Mongolian Child Monks

child monks

We visited several Buddhist temples throughout Mongolia. In some of the monasteries, we saw many child monks, with ages from 9 to 13 years old. At the time we didn’t really understand what being a child monk meant, besides the fact that they wore orange-reddish monks’ robes (kashayas), had razored heads and learnt the sacred books in the shrines.

children monks

Later, we were lucky to meet a Mongolian who could shed some light on the subject: What does it imply to become a child monk? First of all, it is important to understand that in Buddhism, any monk can revoke his vows whenever he wishes, without it involving any kind of rupture from the religious community or any disgrace in society, in general. Actually, it is even common that monks ordain and commit for a defined period in their lives only.

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With this in mind, it is easier to understand why children can become novice monks at such an early age. This is not necessarily a commitment for life. Actually, many parents send their kids to Buddhist monasteries for a couple of weeks or months only, so that they can have a good experience. We learnt that it is not unusual that kids go to monasteries during the summer holidays, as a way for parents to keep their kids busy during summer time.

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Reasons for children to enter Buddhist Monasteries

Of course, this is only one reason, but there is more to this than just getting some time-off your kid. So in all, these are some of the reasons why children are initiated into Buddhism:

  • Be it for a temporary period or for a longer time, the main reason why children enter the monastery is for their personal growth and development. There they will learn about discipline, they will study sacred texts and learn about meditation, they will participate in daily tasks for the good functioning of the monastery and they will be part of a team. It seems that most kids like it, especially because they get to make new friends there. It works as a kind of western version of scouts.

children monks

  • Children who stay long terms at monasteries are more likely to come from poor families, who see the monastery as a way to offer education (and food) to their children. In these cases, Buddhist life becomes a way to escape almost guaranteed poverty to children who would otherwise have little chances to escape the hard life of a herder. Monasteries also fulfill the role often delegated to orphanages welcoming orphans or abandoned children.

children monks

  • And, probably, there are cases of children wishing to ordain out of a genuine wish to follow a spiritual call. In these cases, they will stay in the monastery and will pursue an education and a ‘career’ as a lama. Consecrating an entire life to the monastery comes with the advantage of achieving an important role (and respect) in the clerical hierarchy and in society in general.

children monks

Whichever the reason, our personal feeling was that these boys were enjoying their time. The photos were taken in the monastery complex of Gandantegchinlen in Ulaanbaatar, when a summer storm was approaching. Suddenly, the heavy cloud let all its rain fall, and the monk kids came outside to play in the rain. Were it not for the red robes and the razored heads, they would pass for ordinary kids, really…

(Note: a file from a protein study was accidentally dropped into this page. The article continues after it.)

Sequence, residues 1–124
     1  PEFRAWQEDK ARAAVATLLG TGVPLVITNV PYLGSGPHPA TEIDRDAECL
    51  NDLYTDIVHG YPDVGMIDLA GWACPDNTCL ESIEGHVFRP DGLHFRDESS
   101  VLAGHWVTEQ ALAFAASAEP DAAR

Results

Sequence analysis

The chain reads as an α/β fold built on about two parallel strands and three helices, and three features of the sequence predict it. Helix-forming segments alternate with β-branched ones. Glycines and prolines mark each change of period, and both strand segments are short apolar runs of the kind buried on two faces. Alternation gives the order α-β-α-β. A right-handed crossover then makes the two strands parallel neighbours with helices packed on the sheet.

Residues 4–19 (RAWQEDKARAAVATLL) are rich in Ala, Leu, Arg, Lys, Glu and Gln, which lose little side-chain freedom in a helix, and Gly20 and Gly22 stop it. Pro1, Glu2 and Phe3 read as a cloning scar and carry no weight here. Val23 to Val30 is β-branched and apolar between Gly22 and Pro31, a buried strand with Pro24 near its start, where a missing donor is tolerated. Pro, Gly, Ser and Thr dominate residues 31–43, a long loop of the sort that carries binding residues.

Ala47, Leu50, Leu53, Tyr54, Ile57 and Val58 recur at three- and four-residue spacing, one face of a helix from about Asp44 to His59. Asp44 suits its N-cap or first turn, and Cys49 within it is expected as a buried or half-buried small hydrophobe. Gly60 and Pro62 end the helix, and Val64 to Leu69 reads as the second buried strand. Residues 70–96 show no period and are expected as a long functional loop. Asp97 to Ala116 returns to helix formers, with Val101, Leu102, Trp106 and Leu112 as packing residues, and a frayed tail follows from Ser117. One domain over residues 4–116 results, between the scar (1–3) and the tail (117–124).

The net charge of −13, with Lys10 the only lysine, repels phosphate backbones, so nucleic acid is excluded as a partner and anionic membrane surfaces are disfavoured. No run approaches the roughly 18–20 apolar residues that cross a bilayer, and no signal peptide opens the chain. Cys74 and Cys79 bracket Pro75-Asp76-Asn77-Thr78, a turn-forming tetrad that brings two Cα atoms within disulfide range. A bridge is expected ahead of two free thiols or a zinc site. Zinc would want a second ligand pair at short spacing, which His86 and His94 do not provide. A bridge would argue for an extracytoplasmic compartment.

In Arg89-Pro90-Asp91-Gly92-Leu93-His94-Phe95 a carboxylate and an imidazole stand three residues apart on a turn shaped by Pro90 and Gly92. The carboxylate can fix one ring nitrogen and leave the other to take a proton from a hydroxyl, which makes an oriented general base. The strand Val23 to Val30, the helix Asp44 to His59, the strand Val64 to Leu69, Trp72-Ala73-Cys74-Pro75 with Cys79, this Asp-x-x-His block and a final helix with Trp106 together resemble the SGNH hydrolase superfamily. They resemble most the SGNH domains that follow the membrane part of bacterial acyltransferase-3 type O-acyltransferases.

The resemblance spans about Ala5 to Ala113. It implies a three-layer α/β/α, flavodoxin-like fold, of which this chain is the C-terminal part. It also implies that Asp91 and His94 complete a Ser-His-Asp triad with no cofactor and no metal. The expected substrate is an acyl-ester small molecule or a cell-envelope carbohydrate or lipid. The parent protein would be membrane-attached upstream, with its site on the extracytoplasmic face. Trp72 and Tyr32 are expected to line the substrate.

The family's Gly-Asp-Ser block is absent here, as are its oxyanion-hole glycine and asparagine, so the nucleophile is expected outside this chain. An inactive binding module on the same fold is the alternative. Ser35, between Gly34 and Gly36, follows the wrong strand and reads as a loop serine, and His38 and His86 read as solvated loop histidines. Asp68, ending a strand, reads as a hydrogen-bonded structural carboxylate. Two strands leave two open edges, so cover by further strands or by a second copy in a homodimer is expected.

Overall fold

Brief History of Buddhism in Mongolia

  • Before Buddhism, Mongols followed a folk religion based on shamanic traditions (In Mongolian Culture, Genghis Khan is considered to be the embodiment of one of the Mongol shamanic Gods).
  • During the Mongol Empire, in the 13th century, several emperors were converted to Tibetan Buddhism, but after the fall of the Empire, Mongols returned to a form of shamanism that had taken many Buddhist influences.
  • In the 16th century, a Mongol military leader – Altan Khan – invited the head of Tibetan Buddhism to form an alliance. It was Altan Khan who came up with the nomination ‘Dalai Lama’ (Dalai means ‘Ocean’ in Mongol, and lama means ‘Wisdom’ in Tibetan), and this title has been held ever since by Tibetan Buddhists (it was even given post-mortem to the previous Dalai Lamas).
  • Buddhism flourished then in Mongolia, with Buddhist monks taking over the functions previously performed by the shamans, as healers and diviners. The population willingly paid for these services, contributing to the growth and wealth of Mongolian Buddhism. At the time, Buddhist monks controlled 20% of the country’s wealth. By the 1920s, one-third of the male population of Mongolia were monks (around 110,000). At the time Mongolia had 583 monasteries and temples and many of its monks lived outside monasteries. Cities grew around monasteries and not the other way around.
  • In the 1930s, when communist revolutionaries took power, all religions were suppressed, monasteries dissolved and destroyed and Buddhist monks persecuted and executed.
  • With the overthrow of communism in 1990, there has been a revival of Buddhism and now Mongolia counts about 200 temples and around 500 monks (though we couldn’t verify this number in any official source). According to the latest census (2010), the majority of Mongolians is Buddhist (53%) while the second biggest group identifies as not being religious (38%). Hardly 3% remain followers of the Mongol shamanic tradition.

If you are interested in Mongolia, check our other articles:

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